A debate is roiling today over whether to maintain or close the Connecticut Juvenile Training School (CJTS) and its neighboring girls’ Pueblo Unit. In state after state, such discussions focus on momentary events rather than systemic dysfunction. But CJTS and Pueblo should close, and their children should be placed into community programs or small, neighborhood-based facilities precisely because the conditions there are typical, not extraordinary.

Institutions of this sort, by their very nature, inevitably depersonalize children, engender abuse and fail to address public safety. I know because I used to run one.

When I became director of the District of Columbia’s juvenile corrections department, it had been under a consent decree for 19 years. The court’s oversight resulted from inhumane conditions in the Oak Hill Youth Center, the district’s juvenile prison. The nation’s capital’s juvenile facility was a place where children stuffed clothing in cracks around their toilets to keep the rats out of their cells and where beatings by staff were commonplace.

I was the 20th director of the department during that time. No one had been able to reform that prison, and I did not expect to be an exception. I did some immediate harm reduction by getting rid of “bad apples” who beat or sexually abused youth or sold them drugs. But I knew that this behavior could not occur without the complicity of the “whole bunch” who would outlast even the most reform-minded administrator.

Surprisingly, many of my staff struck me as decent human beings, who would never tolerate such abuse in their communities. But it is impossible to lock another human being in a cell and still see him fully as human. A body of research stretching back decades shows that an erosion of compassion is inevitable toward those we label as “inmate” and lock up out of sight.

Ultimately, I closed Oak Hill in 2009. The district created more community-based programs to support and supervise kids, opened a much smaller, non-institutional facility for those who needed secure confinement and retrained the staff to be counselors instead of just “turn-keys.” Although, at the time, many warned that we needed more capacity, that facility has a fair number of empty beds right now, I am happy to say.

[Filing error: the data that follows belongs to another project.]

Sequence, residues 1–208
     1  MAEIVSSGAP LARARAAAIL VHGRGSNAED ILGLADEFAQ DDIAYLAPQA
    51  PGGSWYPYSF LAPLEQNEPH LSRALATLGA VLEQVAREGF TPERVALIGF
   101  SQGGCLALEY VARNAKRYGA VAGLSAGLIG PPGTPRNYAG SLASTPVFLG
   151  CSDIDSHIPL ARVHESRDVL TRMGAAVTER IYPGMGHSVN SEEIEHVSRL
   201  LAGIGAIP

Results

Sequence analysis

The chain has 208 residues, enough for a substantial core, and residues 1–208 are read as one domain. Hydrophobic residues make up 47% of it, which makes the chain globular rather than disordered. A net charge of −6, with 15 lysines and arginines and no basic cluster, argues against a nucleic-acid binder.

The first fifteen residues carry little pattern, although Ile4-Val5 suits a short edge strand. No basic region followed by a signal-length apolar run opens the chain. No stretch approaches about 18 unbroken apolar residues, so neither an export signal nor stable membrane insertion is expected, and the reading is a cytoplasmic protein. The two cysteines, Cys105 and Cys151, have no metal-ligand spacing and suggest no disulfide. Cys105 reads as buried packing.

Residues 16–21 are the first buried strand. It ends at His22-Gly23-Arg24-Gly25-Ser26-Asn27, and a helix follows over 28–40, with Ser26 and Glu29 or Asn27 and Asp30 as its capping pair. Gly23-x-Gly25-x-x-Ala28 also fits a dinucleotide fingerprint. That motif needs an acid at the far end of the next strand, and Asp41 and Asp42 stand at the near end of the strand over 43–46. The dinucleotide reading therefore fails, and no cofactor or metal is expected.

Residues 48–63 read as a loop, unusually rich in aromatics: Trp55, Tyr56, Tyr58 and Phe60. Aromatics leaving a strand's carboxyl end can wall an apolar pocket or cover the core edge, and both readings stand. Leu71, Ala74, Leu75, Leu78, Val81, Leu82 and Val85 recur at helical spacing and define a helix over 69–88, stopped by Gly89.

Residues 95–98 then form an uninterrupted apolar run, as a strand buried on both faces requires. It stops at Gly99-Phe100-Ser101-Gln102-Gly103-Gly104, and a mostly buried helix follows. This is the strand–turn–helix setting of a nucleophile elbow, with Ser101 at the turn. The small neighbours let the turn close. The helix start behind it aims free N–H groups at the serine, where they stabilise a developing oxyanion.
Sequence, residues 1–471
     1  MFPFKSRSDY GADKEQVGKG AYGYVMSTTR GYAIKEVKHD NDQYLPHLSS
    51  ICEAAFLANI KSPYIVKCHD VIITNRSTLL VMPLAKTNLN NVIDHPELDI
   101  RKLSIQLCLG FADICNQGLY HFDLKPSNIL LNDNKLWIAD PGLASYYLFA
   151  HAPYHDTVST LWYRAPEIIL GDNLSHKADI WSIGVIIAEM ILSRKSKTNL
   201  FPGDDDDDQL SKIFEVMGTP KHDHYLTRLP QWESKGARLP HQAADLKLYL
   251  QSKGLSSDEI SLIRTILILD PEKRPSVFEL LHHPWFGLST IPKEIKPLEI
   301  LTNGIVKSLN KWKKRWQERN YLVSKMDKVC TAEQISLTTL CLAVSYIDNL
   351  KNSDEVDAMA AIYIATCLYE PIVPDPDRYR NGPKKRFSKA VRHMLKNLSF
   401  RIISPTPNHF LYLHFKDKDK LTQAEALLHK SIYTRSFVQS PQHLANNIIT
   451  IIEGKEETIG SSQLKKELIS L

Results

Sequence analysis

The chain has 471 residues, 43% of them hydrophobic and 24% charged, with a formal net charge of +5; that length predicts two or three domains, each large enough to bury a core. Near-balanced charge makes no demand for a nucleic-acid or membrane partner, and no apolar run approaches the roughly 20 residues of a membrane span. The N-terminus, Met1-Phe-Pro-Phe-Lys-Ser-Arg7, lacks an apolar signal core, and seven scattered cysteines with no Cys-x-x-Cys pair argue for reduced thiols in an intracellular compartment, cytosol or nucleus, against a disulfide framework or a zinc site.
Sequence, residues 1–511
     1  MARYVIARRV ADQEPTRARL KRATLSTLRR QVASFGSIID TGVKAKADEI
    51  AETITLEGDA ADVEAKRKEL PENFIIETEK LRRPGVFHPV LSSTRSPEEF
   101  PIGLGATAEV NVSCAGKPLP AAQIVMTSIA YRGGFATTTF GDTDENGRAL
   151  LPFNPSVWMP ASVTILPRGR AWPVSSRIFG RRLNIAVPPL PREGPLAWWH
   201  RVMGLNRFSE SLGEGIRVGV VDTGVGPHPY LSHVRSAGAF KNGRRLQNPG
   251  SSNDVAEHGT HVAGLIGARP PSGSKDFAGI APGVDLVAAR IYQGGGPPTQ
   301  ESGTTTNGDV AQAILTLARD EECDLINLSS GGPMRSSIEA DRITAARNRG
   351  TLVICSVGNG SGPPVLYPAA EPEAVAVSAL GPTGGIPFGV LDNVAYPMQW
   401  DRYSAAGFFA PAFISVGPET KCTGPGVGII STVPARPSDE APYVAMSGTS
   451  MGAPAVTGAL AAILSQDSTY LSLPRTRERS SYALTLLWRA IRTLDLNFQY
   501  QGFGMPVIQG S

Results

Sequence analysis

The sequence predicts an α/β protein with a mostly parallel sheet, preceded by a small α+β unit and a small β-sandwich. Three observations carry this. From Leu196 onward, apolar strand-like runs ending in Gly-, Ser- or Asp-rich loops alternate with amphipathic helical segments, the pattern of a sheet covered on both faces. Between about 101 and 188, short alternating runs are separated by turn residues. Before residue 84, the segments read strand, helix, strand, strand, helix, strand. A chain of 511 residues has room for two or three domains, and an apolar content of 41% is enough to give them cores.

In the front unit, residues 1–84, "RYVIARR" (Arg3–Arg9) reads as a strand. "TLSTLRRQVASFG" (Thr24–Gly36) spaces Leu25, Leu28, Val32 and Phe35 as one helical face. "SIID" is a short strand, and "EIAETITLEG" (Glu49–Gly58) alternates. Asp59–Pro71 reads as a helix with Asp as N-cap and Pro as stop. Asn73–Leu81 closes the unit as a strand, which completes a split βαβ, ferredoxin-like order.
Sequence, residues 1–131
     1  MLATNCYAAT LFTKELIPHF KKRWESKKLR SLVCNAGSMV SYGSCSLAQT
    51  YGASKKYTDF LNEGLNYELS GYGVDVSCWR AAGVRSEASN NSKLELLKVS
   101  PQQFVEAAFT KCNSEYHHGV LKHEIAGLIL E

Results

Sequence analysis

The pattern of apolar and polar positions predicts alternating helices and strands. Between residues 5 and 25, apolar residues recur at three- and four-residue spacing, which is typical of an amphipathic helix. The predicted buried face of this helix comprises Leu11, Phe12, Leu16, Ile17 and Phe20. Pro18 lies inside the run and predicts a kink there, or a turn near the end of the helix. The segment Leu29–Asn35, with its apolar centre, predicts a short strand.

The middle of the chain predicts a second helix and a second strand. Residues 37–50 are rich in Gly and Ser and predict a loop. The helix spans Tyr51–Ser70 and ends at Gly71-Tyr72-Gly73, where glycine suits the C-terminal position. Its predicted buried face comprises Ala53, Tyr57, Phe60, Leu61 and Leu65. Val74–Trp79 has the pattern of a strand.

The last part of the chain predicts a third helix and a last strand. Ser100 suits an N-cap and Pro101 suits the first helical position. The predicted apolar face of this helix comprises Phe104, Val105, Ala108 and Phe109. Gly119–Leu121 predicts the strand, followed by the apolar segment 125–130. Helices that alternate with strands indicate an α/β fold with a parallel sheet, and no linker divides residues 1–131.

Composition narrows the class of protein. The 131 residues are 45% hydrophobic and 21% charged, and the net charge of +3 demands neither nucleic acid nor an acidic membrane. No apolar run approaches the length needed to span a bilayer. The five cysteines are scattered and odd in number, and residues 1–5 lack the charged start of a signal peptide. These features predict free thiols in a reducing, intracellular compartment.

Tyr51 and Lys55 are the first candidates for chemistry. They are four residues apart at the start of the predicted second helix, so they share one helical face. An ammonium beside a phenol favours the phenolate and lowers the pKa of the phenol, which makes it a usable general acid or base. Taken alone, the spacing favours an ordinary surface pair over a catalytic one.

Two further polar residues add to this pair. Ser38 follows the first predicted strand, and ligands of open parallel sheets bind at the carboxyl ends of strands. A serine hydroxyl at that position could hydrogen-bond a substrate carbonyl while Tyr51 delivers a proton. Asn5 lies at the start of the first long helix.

The year before Oak Hill closed, 51% of its residents were reconvicted of new offenses within a year of release; the year after Oak Hill closed, only 35% of youth in our replacement facility were reconvicted of new offenses. That is not an anomaly. The Pew Charitable Trusts recently reviewed the research on juvenile prisons and found that they fail to prevent reoffending and, in some cases, increase recidivism.

My experience was similar in New York City as Mayor Michael R. Bloomberg’s Probation Commissioner. State and city officials partnered in an initiative entitled “Close to Home,” nearly eliminating sending city youth to upstate juvenile institutions by expanding community programs, reserving confinement for high risk/severity youth and confining those youth in small homes near their communities. The initiative was partly in response to a Department of Justice investigation finding that New York’s juvenile prisons were brutal environments, where children were seriously injured in restraints used to enforce discipline.

Since 2007, New York State has closed 23 facilities – mostly due to the reduction of youth incarcerated from the city – and the city’s juvenile arrest rate has plummeted by more than half.  The decline in arrests accelerated following the bi-partisan passage of Close to Home in 2012.

No one is a fan of youth prisons, yet doomsday predictions inevitably ensue when someone suggests closing one. Typical arguments include that alternatives are too expensive or that they jeopardize public safety. On the contrary, incarceration is the single costliest and least effective response to delinquency and has been proven to do nothing to prevent re-offending while often spiraling into brutal conditions.

Connecticut has rightly been called a leader in juvenile justice for getting 16- and 17-year-olds out of adult courts and prisons. In raising the age, Connecticut designed a safe, cost-effective and more rehabilitative system for thousands of young people. Surely, it can come up with a solution for the few hundred who go through CJTS and Pueblo each year.

Vincent Schiraldi is a senior research fellow directing the Program in Criminal Justice Policy and Management at Harvard Kennedy School. 

Leave a comment